Ripped off, poor, suicidal: the farmers turning to Syriza
There’s pizzazz tonight at the election rally of the Greek conservatives. There is a lot of money riding on their victory. But right now it looks like the election is slipping away from Prime Minister Antonis Samaras.
Two polls last night put Syriza ahead – one, by the usually authoritative Mega channel, has the far left on 32.5 per cent against New Democracy’s 26.5 per cent. More polls today tell the same story: a widening Syriza lead.
If Greece does elect Alexis Tsipras as the first far-left prime minister in Europe since the 1930s, then the place where it’s lost and won will not be Athens. Syriza is making inroads into towns and provinces that have traditionally voted right.
In the gulf of Corinth there are a whole string of mountain villages that have traditionally been known as “castles” for the two main parties – ND and the centre-left Pasok. But Pasok has collapsed, and even some conservative voters are swinging over to support the left.
In Assos, a sleepy farming village Giannis Tsogkas, a grape farmer aged 56, explains why the place has swung towards the left.
“Two-thirds of the land here has been mortgaged to the banks. Now we can’t pay our debts and we’re in constant fear of repossession. These are the worst times we’ve ever seen. We’re at a point where we can’t afford anything.
“We used to go to the supermarket three times a week, now we only go once every two weeks – and we count every single cent we spend. It never used be like this: we had money, we were.. We produced, we sold, we had an income.”
There’ve been a string of suicides, he tells me. And not just because of austerity. Every year, he alleges, the merchants who buy their grapes refuse to pay, or go bust. The legal system is so decrepit that it cannot help them. For the farmers in Assos the problems of falling incomes and a political system they see as corrupt merge into one.
“They shoved us into austerity with the IMF. The small farmer will die, that’s it. People here keep committing suicide. So we looked for someone to protect us, and we found it in Syriza.”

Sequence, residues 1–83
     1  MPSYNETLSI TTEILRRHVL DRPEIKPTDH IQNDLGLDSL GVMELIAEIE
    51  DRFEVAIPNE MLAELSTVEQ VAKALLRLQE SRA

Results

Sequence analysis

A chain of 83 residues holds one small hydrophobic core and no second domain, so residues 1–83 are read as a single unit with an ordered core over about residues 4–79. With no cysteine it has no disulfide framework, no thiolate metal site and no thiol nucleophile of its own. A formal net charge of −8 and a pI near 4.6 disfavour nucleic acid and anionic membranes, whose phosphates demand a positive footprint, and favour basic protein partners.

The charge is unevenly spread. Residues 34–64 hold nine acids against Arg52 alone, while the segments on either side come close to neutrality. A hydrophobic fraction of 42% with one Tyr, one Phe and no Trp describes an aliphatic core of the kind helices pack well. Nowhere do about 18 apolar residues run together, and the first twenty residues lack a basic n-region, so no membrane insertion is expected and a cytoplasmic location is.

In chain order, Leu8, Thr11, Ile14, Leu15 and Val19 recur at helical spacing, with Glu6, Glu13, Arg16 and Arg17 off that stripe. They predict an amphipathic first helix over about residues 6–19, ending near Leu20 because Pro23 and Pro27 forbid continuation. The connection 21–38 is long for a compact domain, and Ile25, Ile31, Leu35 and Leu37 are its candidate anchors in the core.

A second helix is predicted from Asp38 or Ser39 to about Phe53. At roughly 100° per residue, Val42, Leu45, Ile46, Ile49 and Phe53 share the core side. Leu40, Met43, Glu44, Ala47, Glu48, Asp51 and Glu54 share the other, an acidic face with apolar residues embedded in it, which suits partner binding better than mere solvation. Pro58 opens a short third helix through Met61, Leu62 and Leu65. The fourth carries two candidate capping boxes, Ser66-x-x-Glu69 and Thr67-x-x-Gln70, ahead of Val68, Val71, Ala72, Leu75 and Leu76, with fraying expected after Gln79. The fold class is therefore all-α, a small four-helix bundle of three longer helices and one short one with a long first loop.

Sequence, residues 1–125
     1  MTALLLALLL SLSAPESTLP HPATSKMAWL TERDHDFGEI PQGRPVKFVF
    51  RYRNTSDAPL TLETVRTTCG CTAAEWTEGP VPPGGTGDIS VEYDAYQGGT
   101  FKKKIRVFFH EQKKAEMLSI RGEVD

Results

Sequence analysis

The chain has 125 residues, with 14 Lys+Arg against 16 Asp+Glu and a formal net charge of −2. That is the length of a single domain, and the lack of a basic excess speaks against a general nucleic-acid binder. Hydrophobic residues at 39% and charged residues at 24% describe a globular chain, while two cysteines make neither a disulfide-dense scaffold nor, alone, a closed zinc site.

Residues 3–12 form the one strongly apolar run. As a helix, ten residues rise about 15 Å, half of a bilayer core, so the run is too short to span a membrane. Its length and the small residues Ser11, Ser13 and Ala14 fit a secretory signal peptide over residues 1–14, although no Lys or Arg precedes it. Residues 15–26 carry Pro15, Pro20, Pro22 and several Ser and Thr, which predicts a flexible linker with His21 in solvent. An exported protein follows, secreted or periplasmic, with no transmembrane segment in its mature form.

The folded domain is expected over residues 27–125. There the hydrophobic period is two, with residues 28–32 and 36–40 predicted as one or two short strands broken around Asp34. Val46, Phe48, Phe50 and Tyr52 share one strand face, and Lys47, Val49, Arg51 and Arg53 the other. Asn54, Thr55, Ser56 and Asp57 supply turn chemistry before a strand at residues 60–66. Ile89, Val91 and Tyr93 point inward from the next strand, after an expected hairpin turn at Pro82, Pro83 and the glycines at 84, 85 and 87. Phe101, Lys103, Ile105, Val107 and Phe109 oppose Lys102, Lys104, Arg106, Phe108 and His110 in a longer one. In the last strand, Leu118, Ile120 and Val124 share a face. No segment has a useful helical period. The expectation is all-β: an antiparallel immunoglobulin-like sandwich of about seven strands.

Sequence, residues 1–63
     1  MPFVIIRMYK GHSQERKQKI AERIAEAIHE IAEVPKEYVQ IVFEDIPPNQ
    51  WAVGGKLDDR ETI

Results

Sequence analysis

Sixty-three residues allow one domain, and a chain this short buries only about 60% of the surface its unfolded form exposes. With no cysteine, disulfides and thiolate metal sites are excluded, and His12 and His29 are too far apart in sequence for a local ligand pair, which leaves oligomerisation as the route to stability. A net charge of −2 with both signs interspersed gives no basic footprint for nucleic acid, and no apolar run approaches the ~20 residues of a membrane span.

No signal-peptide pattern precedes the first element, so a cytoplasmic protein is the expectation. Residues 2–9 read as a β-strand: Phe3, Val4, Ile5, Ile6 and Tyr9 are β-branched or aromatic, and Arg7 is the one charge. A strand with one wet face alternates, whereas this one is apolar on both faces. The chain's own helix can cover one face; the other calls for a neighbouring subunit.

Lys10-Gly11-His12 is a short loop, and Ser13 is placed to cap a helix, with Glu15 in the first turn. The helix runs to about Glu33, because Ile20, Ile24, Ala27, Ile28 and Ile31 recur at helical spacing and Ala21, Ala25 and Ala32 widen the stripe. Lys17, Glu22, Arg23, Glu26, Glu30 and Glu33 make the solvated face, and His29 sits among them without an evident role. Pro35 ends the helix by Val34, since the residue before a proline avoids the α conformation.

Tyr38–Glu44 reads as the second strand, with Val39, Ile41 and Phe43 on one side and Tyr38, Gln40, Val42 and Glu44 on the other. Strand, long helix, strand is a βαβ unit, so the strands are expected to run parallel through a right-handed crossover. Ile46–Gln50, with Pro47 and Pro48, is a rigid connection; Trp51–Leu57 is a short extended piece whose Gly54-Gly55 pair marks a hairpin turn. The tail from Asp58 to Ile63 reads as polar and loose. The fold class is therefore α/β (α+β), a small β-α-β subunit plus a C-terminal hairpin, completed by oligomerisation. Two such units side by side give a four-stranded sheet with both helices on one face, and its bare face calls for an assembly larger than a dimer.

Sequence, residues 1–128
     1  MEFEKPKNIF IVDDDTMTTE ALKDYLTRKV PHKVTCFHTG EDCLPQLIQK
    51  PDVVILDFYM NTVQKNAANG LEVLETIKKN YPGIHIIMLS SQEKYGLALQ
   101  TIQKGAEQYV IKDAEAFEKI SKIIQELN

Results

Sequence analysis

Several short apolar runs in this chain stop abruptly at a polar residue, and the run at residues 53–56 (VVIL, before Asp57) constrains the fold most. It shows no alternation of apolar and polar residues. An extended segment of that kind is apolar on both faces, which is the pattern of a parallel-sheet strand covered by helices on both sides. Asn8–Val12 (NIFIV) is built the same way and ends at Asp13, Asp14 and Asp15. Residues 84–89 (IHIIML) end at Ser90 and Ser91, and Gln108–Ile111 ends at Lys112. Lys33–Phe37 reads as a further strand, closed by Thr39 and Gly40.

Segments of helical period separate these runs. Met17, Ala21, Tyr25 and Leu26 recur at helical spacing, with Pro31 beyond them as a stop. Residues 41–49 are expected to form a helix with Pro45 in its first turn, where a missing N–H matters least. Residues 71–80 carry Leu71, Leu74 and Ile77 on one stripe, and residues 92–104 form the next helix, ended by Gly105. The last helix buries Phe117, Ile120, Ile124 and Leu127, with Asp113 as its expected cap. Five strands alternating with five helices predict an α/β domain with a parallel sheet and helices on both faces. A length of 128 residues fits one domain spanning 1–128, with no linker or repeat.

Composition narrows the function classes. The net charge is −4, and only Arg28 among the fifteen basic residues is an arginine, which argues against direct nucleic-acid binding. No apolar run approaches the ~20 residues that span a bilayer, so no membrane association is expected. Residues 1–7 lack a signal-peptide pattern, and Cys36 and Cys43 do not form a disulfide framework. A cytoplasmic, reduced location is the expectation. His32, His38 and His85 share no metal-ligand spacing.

Ten years ago Syriza got a grand total of 121 votes in the village – just over 2 per cent. In the June 2012 general election it came second, with 22 per cent. Last year, in the Euro elections it topped the polls with 27 per cent – and Mr Tsogkas believes it will win easily on Sunday.
It’s anger like this that has seen poll swings to Syriza in rural areas, suburban communities, and even regions like Thessaly that were once strongly right-wing. The government, which had relied on a fear strategy to stop Syriza, seems bereft of strategy.
In the local coffee shop in Assos we meet other farmers, once staunch supporters of the centrist Pasok party.
“They keep saying if Syriza wins we’ll be like North Korea or Venezuela. The politicians who tried that line are making a laughing stock of themselves. I don’t care who governs us, I care about Greece,” one man says angrily.
The arrival of the global media in Greece has inevitably filled the news screens with shots of street sleepers, food kitchens and destitution. But it’s not just poverty and falling wages that are driving people to the left.
I covered the last election here, in 2012, when the Athenian middle classes panicked over a Syriza victory and swung rightwards. I have a sense that the opposite is happening now.
Syriza’s core support – maybe 27 per cent, and that gained from the collapse of Pasok – is being augmented by support from people for whom the primary issue is corruption and a political system that does not work.
When we ask what Mr Tsogkas wants from Syriza he answers: “Justice. To be able to benefit from my work and not to have others, foreigners, steal what I make.”
Here are the results from the latest Mega poll:
Syriza 32.5 per cent
New Democracy 26.5 per cent
The River 5.8 per cent
Golden Dawn 5 per cent
Communist 5 per cent
Pasok 4.4 per cent
Independent Greeks 3.4 per cent
Papandreou 3 per cent
LAOS 1.4 per cent
Democratic Left 1 per cent
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